Is agricultural adaptation on track to meet the future food production challenge?

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Small-scale farmers are making small changes in their agricultural practices. Is this enough to increase their food security?

Smallholder farmers around the world are facing enormous challenges. Agricultural production needs to increase by up to 60% to feed 9 billion people in 2050, and at the same time, climate change is already having negative impacts on smallholder farming systems, particularly in lower-income countries.

How are farmers coping with these challenges?

Researchers from the CGIAR Research Program on Climate Change, Agriculture and Food Security (CCAFS) and partners investigated how well smallholders in lower-income countries are adapting to the many challenges they face, including climate change, what kinds of changes in farming practices they are making and whether these are leading to more sustainable agricultural systems.

The researchers used household surveys and community-level focus group discussions from 5 regions, 21 countries, and 45 sites, covering 315 villages and approximately 6300 households.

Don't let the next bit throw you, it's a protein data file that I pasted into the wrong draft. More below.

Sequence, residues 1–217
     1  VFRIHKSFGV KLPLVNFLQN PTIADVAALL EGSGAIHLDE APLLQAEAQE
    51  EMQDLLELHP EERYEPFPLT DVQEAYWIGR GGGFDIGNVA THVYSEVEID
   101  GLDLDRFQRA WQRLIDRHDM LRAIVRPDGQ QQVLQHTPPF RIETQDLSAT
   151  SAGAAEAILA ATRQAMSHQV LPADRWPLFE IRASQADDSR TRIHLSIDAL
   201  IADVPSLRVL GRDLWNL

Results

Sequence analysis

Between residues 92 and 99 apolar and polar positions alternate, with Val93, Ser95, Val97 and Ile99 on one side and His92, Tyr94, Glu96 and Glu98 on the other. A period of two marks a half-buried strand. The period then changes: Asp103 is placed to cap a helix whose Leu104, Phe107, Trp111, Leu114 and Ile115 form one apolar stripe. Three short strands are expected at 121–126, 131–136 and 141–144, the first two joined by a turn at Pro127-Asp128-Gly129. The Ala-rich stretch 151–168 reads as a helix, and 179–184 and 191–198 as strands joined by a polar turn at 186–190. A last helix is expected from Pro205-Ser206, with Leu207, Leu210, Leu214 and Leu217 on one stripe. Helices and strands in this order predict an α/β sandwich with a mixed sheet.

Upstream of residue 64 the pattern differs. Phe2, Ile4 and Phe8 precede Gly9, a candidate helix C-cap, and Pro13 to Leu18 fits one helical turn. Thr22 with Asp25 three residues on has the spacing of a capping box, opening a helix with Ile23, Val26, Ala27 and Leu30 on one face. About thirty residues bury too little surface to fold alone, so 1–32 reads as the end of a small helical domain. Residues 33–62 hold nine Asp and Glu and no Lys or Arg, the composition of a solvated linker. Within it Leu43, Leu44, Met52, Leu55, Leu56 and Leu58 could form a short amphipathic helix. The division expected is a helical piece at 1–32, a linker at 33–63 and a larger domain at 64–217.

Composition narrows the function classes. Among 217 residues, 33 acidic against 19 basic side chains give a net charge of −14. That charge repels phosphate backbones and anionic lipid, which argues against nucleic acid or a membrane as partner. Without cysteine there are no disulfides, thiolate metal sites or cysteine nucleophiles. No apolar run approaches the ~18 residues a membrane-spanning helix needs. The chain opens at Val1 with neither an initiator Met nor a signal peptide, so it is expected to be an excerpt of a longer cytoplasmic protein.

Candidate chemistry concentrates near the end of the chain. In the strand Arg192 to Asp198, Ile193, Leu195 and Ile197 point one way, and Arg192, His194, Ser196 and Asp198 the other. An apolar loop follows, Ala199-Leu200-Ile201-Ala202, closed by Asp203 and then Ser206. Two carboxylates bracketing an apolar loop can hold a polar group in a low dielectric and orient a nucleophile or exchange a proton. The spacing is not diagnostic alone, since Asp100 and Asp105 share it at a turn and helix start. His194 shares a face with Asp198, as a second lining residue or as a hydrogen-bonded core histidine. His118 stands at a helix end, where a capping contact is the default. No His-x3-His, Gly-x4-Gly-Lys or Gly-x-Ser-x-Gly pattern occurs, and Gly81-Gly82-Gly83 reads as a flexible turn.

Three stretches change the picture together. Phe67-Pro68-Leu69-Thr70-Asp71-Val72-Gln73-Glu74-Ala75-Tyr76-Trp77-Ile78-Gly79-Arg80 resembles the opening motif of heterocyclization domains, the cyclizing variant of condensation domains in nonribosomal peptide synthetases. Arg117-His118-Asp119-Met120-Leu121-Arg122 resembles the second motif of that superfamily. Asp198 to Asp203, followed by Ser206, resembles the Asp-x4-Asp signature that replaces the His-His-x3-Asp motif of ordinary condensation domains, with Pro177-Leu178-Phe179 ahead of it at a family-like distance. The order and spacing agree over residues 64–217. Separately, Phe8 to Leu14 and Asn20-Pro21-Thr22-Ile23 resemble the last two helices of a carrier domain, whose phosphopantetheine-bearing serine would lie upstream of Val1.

The purpose of the surveys was to form a baseline for monitoring and evaluation for CCAFS’ work. The surveys were carried out between 2011 and 2014, and will be repeated in 2019 to track changes in key development outcome indicators relating to the food security of households and communities at the sites.

For this study, the researchers used the entire dataset (all sites, all regions, all scales) for the first time, to explore the factors that help explain the relative lack of uptake of new agricultural practices.

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